• The web page linked to the front cover TAG is disappointing. It essentially just tells you that you just scanned the TAG, there are more TAGs that can be scanned and offers some links to the full web site. There is no utility for the end user, and going through the effort to get to this page results in disappointment.
  • The links connected to specific state TAGs are not optimized for mobile. They’re hard to navigate and overwhelming. And, by using mostly Flash for the video content, most of the videos won’t play on the majority of mobile devices. These make for a very poor mobile browsing experience.

What could have Rand McNally done to ensure that the details of implementing 2-D barcodes strengthened their brand? 

  • Made sure those writing instructions or descriptions used the correct technical terms so users aren’t confused. It may seem like a nit, but this is really important because users assume you know what you are talking about. Specialty brands are supposed to be a cut above, and that applies to everything they do.
  • Delivered some kind of utility to users who scanned their code. A quick video tour of the guide? A discount off the purchase of the GPS unit for sale? Unique content developed for travelers who scanned this code? A co-promotion with a hotel in the location being viewed?
  • Insisted that the company’s web site be optimized for mobile. It is no longer a nice-to-do, but a have-to-do. Now that many specialty brands offer excellent mobile web access, it’s the ante into the game.

Taken individually, many of these issues may seem minor or inconsequential. Budgets and time restrictions often drive us to deliver “good enough” that is on time and on budget. But as you can see from the example above, taken together these issues become death by a thousand cuts. I think people expect more from specialty brands. They expect them to pay attention to the details and get it right. That’s why consumers are willing to go out of their way, or even pay a little more, to buy those brands.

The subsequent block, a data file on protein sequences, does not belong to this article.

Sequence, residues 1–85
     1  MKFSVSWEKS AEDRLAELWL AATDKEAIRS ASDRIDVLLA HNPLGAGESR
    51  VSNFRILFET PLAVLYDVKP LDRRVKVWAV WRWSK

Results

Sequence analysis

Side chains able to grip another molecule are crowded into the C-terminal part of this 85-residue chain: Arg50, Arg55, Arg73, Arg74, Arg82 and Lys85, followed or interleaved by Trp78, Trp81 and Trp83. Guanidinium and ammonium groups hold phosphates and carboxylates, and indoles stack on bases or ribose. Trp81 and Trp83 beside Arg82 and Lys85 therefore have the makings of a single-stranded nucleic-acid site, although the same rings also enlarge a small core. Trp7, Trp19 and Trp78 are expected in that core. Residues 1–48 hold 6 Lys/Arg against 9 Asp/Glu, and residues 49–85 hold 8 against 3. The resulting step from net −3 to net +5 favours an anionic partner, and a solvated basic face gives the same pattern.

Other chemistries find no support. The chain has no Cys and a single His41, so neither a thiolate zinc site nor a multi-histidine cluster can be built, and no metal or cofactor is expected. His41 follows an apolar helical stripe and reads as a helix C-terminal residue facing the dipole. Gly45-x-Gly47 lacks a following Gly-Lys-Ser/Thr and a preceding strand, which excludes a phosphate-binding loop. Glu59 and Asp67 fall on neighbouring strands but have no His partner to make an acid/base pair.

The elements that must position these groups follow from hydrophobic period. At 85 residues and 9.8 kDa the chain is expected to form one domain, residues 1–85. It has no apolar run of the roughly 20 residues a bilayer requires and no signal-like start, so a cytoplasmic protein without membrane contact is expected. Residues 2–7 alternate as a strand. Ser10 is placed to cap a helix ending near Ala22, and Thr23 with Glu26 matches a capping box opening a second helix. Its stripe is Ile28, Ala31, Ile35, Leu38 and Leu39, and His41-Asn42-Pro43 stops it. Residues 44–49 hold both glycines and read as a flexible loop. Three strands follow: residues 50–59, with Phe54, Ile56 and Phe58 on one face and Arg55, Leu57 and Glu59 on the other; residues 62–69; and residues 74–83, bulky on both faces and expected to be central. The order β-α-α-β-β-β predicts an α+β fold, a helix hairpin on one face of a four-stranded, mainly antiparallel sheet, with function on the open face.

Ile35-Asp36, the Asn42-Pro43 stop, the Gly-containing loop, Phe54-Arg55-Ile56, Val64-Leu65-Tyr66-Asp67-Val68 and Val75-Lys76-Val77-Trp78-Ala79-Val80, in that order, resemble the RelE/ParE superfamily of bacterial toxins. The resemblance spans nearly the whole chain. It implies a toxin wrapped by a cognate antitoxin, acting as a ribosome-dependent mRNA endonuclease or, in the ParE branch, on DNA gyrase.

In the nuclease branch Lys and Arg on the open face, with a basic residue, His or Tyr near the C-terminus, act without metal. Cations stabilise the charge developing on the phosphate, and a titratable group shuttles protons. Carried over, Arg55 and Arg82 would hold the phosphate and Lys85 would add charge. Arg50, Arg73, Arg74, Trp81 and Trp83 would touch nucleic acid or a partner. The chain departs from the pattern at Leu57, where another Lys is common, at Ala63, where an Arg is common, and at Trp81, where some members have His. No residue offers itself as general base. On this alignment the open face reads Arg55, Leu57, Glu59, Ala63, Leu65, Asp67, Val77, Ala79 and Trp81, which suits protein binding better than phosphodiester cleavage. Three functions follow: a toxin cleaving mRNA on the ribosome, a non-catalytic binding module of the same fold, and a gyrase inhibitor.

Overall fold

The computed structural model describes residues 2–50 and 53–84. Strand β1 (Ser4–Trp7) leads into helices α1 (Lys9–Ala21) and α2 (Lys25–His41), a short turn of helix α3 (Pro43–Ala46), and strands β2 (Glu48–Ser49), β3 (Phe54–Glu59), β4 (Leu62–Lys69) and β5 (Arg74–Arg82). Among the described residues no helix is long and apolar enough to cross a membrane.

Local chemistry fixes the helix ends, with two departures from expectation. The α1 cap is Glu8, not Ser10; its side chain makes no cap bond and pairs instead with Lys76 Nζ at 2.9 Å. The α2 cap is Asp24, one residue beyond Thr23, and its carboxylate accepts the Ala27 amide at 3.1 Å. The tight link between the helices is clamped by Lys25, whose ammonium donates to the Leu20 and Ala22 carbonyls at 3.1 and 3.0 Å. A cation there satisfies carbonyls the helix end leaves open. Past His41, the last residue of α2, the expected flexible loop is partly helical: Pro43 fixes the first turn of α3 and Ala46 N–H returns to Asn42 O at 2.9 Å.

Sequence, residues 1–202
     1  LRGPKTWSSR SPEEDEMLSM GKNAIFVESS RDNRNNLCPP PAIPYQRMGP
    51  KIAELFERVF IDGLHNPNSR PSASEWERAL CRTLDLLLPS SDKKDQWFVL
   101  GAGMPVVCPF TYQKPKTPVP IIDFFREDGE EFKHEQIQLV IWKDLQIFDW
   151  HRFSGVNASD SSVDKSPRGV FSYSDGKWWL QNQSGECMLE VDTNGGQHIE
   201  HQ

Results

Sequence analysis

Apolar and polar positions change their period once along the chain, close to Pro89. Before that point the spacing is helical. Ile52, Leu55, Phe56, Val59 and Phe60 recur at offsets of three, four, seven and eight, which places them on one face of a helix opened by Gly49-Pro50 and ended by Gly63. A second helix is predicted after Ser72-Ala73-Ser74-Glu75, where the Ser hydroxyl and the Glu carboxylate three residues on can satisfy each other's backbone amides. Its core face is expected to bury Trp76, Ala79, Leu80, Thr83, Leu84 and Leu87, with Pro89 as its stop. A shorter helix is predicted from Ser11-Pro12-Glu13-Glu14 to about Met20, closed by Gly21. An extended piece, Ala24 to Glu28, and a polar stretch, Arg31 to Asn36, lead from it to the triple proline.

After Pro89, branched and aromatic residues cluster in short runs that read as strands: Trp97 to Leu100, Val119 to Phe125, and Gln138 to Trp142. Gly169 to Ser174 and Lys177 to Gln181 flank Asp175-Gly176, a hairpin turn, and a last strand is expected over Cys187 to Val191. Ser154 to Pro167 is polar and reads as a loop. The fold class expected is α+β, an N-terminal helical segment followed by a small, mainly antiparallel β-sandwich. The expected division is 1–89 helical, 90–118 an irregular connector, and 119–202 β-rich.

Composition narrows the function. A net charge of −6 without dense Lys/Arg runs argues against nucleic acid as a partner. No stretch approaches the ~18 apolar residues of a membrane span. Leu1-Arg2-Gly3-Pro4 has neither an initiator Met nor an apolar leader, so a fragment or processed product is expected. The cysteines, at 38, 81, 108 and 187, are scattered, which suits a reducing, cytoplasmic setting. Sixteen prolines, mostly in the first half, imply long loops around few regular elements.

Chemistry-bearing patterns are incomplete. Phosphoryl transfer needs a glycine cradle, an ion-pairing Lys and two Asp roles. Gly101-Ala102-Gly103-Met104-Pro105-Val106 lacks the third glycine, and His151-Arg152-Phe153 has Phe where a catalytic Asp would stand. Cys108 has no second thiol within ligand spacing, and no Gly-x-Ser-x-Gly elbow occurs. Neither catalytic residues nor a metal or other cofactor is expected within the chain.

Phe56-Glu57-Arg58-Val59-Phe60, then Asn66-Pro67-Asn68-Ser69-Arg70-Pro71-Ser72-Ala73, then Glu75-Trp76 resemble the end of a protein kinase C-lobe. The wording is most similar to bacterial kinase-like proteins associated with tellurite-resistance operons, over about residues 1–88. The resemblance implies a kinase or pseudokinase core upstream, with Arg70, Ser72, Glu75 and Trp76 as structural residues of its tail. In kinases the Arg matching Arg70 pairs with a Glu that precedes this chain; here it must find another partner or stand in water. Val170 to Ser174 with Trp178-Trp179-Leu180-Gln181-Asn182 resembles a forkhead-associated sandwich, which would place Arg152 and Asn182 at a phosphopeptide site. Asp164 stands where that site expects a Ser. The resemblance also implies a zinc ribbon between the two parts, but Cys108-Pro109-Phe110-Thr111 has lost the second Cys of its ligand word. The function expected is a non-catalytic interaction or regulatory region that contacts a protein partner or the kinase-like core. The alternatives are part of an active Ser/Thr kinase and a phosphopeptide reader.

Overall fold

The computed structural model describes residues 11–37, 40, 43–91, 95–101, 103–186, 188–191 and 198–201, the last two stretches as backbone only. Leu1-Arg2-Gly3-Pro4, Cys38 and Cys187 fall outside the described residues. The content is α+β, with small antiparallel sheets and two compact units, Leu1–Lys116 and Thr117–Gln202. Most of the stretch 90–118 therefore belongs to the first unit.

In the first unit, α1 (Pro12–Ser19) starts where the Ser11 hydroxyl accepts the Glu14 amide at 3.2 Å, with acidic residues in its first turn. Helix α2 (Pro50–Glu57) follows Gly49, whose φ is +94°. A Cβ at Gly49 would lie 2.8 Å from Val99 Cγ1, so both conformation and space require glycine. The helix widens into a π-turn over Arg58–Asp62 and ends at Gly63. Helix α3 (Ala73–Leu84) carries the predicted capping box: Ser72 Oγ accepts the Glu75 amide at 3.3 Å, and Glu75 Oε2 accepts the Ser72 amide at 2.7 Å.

Comments

Jason Ford  | 
Kent,

I agree with you on this. It can sometime be the very little things that drive us away. Nice article!
Rick Winegar  | 
My experience, almost. After my QR Reader said it wasn't a QR code on the 2012 paper atlas, I went to R.M. web site for info. Apparently the page was replaced with current page that says "Something went wrong'. The original site was cached by Google with a snapshot from 8/11/2011. So I guess they are trying to address the problem. Doesn't bode well, this false step, when real challenge to win customers is coding for mobile devices. With free mapping, travel and GPS apps from Google, MapQuest, TripAdvisor and Skobble (just examples) perhaps R.M should convince Google to buy them. BTW, a real QR code can be found on Mapquest's Mobile site, if you happen to be at your computer with your phone in your pocket and want to skip the iTunes store. Scan from the screen and it installs on the phone.
Kent Stones  | 
Thanks for the great comments, Rick.

I would love to be a fly on the wall in their strategic planning discussions, because the threats they face are tremendous and the strategic leverage they have appears small. That being said, I think the key to their success is across two fronts: first in finding a way to take advantage of the fact that there is still a need to have a physical map in the car (personal experience from my recent 4,500 mile trip) and second in offering highly specialized travel knowledge and tools for very distinct travel groups. RVers (which it seems they are trying to court), motorcycle riders, truckers, etc. They can, in my opinion, establish a beach head with some core travel groups that relegate the other services to the "average" traveler.

You also identified for me the first use case for a QR code on a web page that I like. A direct download to the phone from the web page has great utility by cutting out a number of steps.

It will be interesting to watch this business case play out over the next couple years. I hope they are successful, as they are an iconic brand with such a rich history that it would be a shame to see them rendered irrelevant.